(MENAFN - Muscat Daily) A study, 'Nutritional Practices of Athletes in Oman' has revealed that sportsmen in the country have poor dietary practices and most have no supervision by a nutritionist/dietician. The study, which included 35 male handball athletes involved in serious training for no less than three years, showed that 54 per cent of them had poor dietary practices (less than three meals a day).
Published in the September issue of Oman Medical Journal, it said that 51 per cent indicated that lunch was their principal meal, 51 per cent always added extra salt to their meals, 28 per cent took protein supplements daily, and 51 per cent had pre-competition glycogen load diets. However, none consumed vitamins or mineral supplements.
Data was collected over a few months in 2012 by Hashem A Kilani, professor at Physical Education Department, Sultan Qaboos University and two other SQU researchers Mostafa Waly and Majid al Busafi.
Nutritional knowledge analysis of the athletes revealed that 80 per cent had no supervision of a nutritionist/dietician. Their knowledge of nutritional requirements was only 23 per cent correct for total energy intake, 63 per cent correct for protein intake, 46 per cent for carbohydrate intake, 11 per cent for fat and 83 per cent for water intake.
The study suggested that professional supervision is needed to improve nutritional knowledge and eating habits of Omani athletes, and improve their performance and that adequate dietary intake was crucial for optimum training and performance.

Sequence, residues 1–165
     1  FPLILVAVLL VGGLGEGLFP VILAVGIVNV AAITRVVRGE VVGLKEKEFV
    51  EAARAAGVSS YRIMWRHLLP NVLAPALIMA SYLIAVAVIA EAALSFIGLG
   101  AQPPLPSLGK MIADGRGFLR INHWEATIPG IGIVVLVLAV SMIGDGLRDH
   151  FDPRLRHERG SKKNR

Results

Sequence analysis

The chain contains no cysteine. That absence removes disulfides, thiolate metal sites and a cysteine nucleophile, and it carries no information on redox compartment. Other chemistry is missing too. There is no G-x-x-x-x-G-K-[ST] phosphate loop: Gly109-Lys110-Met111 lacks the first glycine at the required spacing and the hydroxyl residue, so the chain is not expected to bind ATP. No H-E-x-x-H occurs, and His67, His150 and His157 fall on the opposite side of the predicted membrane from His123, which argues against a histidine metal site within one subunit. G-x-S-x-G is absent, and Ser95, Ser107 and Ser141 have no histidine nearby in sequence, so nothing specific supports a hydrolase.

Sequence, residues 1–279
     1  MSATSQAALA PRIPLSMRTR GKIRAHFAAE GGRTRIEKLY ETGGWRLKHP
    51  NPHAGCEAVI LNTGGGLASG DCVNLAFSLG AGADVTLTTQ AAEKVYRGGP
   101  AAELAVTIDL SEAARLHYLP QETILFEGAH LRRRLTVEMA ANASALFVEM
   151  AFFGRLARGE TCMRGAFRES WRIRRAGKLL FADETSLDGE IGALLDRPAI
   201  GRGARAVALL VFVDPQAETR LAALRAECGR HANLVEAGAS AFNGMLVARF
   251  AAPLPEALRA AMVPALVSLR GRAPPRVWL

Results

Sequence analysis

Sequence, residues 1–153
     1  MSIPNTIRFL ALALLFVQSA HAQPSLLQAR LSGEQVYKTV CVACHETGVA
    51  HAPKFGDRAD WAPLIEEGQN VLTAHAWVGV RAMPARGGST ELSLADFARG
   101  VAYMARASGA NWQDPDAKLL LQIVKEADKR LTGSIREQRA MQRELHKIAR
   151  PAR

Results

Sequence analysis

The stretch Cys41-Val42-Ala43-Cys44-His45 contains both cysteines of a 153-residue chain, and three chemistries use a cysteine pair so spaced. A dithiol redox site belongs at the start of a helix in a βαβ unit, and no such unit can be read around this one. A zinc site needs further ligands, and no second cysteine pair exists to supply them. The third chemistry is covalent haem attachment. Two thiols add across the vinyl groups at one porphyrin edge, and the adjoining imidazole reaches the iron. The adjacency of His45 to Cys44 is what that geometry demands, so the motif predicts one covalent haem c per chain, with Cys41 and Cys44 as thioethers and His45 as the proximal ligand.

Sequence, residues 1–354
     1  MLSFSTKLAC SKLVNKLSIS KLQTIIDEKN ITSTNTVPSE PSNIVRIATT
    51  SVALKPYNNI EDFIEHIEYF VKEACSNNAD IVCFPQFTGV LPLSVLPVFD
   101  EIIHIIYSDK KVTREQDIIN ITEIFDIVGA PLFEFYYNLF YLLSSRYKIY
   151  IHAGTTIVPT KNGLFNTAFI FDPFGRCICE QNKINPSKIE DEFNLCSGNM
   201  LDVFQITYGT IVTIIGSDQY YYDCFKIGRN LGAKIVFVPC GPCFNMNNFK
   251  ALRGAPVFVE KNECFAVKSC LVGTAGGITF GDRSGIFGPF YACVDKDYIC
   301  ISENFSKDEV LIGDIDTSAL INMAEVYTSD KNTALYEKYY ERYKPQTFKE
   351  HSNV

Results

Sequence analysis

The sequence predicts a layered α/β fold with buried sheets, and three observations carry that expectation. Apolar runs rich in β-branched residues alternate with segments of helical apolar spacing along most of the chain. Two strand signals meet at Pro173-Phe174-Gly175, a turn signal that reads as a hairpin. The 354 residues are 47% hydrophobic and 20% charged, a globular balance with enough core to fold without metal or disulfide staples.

The results also revealed that the subjects exhibited poor eating habits and dietary practices - their meals were rich in carbohydrates, red meat, saturated fats, and they had less intake of fresh fruits and vegetables. The average daily percentage of energy contribution from carbohydrates, fats and proteins was however within recommended limits.
The study indicated that the nutritional knowledge of the enrolled Omani athletes mainly came from their coaches, as there was no direct professional nutritional or dietary supervision available. It was observed that 54 per cent of the participants acquired information from their coaches, 26 per cent from sports magazines, 11 per cent from peers and nine per cent from television.
'Most of the athletes tend to acquire nutritional information from magazines, health food store personnel, coaches, gym owners, and from other athletes. Some athletes also sought nutrition information and guidance from their parents, friends, physicians, dieticians and nutritionists.
'Coaches however, often play an important role in influencing the dietary habits of athletes, but have been reported to recommend inappropriate macronutrient and protein intake, fluid restriction and weight gain for athletes. Most coaches have limited knowledge and training in nutrition, yet often provide nutritional advice. It is therefore important that people who provide nutritional guidance to athletes have the appropriate knowledge base and dispense accurate information,' the study stated.
The researchers suggested that both the athletes and their coaches are required to have sufficient nutritional knowledge to enhance their performance and optimal health.
'A development of effective nutrition-education programmes is required to increase the nutritional knowledge of athletes as well as their trainers, since nutritional education may significantly influence towards changing their dietary behaviours,' suggested the report.